What is the Difference Between Marijuana and Hemp?
When you first learn that CBD oil is derived from cannabis, you may assume that it must be a marijuana product. The truth, however, is more complicated. CBD products are generally made from industrial hemp, a very close relative of marijuana. Just as twins may have similar physical traits but different personalities, the two cannabis plants may appear nearly identical, but they each have their own unique qualities.
Technically, both plants belong to the same species, Cannabis Sativa. At first glance, hemp and marijuana seem nearly identical, but upon closer inspection, the leaves will reveal slight variations. Marijuana plants sport wider, shorter leaves, while hemp’s leaves are long and narrow.
While cannabis’ medicinal and recreational uses earn much of its notoriety today, hemp has a long and diverse history of other applications., It’s believed that hemp oil and seeds were used for food and pottery in China as early as 8,000 BCE. The sturdy fibers of the hemp plant make it ideal for fabrics and rope, and in 1938, Popular Mechanics documented its use in 25,000 unique products.
Perhaps the most practical way to differentiate the two plants is to consider their chemical compositions and the corresponding legal distinctions. Both plants are rich in cannabinoids, naturally-occurring compounds that interact with our own bodies. Specifically, cannabinoids bond with receptors in the endocannabinoid system, a complex internal network that supports the nervous system in regulating numerous vital functions.
The most significant of these compounds would be cannabidiol (CBD) and tetrahydrocannabinol (THC). The ratios of THC to CBD vary widely between each plant and indicate one of the major differences between the two varieties. Marijuana may contain up to 40 percent THC, and the abundance of the psychoactive compound makes it the go-to recreational option. Hemp, on the other hand, may only contain up to .3 percent THC by definition. However, hemp does offer far more CBD than marijuana, making it ideal for a variety of wellness applications without hazarding psychoactive side effects.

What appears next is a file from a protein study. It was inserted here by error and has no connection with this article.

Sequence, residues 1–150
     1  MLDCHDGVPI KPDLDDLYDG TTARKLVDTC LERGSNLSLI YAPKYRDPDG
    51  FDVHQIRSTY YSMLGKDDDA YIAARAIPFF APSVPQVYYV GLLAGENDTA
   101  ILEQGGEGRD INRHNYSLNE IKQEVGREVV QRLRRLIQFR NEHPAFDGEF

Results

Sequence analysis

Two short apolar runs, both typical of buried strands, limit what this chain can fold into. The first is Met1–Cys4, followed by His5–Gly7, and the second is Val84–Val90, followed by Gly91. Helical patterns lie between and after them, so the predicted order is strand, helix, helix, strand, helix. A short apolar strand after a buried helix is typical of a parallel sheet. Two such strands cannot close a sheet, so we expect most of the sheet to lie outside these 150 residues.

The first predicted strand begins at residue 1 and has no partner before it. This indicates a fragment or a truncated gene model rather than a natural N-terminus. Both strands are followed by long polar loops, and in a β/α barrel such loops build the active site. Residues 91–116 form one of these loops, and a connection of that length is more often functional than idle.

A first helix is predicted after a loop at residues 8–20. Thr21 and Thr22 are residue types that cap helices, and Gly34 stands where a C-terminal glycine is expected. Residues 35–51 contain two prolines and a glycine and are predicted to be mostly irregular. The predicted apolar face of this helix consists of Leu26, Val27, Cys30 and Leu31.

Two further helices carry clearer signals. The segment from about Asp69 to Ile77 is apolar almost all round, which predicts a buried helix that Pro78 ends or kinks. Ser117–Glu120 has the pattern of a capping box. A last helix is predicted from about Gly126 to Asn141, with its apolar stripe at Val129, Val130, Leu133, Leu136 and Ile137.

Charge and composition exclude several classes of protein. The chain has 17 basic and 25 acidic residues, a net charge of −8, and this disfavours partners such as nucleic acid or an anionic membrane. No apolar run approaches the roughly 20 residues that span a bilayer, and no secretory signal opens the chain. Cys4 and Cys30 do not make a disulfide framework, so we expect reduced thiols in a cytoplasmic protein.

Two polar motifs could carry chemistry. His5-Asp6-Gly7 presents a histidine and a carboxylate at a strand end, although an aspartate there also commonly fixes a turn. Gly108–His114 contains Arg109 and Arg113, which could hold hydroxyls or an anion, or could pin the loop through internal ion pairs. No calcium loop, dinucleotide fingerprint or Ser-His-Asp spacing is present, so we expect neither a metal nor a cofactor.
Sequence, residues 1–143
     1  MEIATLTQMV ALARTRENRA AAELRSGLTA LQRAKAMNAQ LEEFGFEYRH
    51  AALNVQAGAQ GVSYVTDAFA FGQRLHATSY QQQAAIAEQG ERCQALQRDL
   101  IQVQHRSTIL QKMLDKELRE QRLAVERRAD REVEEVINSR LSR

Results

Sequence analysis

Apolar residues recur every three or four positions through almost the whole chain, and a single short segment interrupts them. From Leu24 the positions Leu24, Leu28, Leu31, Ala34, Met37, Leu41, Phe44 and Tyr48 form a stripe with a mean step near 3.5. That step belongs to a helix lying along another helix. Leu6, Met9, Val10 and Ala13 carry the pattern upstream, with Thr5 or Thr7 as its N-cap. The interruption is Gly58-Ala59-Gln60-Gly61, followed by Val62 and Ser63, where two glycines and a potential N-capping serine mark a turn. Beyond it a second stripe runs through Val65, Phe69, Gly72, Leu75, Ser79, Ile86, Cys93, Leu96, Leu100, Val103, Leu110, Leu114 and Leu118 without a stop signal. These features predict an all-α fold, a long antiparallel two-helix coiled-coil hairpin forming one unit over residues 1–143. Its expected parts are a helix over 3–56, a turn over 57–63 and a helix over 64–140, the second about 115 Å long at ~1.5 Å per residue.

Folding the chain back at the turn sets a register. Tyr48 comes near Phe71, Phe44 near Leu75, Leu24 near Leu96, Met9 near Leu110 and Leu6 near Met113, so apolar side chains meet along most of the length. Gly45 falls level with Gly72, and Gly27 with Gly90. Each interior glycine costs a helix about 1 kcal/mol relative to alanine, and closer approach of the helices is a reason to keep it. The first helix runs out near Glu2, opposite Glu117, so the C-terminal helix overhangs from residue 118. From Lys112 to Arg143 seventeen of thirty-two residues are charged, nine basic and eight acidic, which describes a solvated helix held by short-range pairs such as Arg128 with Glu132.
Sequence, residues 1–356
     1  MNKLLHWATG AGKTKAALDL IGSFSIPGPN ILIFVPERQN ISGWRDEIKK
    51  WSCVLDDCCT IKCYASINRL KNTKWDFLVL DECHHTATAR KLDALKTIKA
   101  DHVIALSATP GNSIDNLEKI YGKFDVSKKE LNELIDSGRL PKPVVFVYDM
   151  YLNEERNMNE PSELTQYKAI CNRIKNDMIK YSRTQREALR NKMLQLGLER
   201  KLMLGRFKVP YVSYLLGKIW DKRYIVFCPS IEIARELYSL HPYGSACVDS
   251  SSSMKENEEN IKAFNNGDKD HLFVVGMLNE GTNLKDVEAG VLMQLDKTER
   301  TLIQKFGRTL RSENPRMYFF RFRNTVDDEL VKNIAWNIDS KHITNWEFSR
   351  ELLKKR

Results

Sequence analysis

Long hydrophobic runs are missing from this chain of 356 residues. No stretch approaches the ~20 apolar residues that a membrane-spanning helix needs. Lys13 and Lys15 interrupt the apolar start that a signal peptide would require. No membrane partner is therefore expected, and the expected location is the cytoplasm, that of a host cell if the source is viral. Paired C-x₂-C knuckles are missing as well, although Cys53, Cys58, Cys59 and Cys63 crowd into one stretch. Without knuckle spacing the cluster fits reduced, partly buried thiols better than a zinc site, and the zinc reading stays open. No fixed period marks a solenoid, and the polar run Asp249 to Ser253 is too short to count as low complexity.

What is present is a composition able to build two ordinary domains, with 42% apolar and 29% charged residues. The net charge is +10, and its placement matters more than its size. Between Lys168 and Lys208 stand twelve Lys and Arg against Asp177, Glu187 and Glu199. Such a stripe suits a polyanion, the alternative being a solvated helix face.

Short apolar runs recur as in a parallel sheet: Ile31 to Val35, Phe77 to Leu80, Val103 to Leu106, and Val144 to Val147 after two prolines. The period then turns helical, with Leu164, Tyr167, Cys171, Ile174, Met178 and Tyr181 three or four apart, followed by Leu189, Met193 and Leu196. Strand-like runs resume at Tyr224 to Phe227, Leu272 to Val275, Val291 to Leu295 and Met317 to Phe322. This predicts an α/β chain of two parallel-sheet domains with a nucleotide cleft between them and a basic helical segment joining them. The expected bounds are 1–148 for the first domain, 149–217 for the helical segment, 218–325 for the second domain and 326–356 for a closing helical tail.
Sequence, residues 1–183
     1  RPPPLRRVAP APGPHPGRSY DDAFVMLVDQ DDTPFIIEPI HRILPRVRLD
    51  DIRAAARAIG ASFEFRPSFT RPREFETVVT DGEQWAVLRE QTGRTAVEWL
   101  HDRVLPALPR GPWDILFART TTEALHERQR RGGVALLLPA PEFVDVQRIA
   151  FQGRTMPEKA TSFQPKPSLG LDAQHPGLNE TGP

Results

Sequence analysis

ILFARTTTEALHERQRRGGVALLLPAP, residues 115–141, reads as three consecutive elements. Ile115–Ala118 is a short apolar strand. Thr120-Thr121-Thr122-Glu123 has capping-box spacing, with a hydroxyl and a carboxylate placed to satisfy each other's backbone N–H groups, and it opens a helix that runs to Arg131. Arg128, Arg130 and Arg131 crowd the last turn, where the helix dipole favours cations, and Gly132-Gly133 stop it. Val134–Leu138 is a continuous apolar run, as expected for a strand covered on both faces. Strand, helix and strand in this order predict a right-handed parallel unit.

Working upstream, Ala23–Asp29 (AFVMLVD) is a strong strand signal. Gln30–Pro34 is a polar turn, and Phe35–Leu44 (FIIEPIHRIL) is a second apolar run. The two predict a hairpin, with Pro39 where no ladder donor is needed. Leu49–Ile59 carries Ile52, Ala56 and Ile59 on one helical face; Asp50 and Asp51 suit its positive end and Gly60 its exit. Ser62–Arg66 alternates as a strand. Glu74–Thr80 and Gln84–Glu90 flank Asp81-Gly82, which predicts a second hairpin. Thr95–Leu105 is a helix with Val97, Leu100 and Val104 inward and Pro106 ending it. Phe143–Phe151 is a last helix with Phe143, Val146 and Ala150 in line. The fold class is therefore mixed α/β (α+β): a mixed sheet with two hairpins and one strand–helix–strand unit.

The presence and quantity of THC within the plant directly determines its legality, and the high concentration of THC in marijuana earns it illicit status in the U.S. Hemp’s categorically-low amounts of THC clear it of any legal concerns at the federal level, although some state and city authorities may have their own laws governing its production and use. In January 2019, a truck driver was arrested in Idaho for transporting hemp products, as the state made no distinction between the federally-legal agricultural product and marijuana.
Several states have already legalized marijuana for general use, and there may someday be legal parity between the two plants across the U.S. Until that time, though, it’s wise to educate yourself on your local government’s policies regarding either form of cannabis.
Essentially, hemp is not a drug. It has a vast repertoire of broad utility across the globe, from royal clothing in European palaces to body frames in Henry Ford’s factory. Recent studies also suggest some promising health applications, as its abundant CBD may provide relief for a multitude of issues. As the 2018 Farm Bill classifies hemp as a legal commodity, research into the full potential of this plant may hopefully continue unencumbered.
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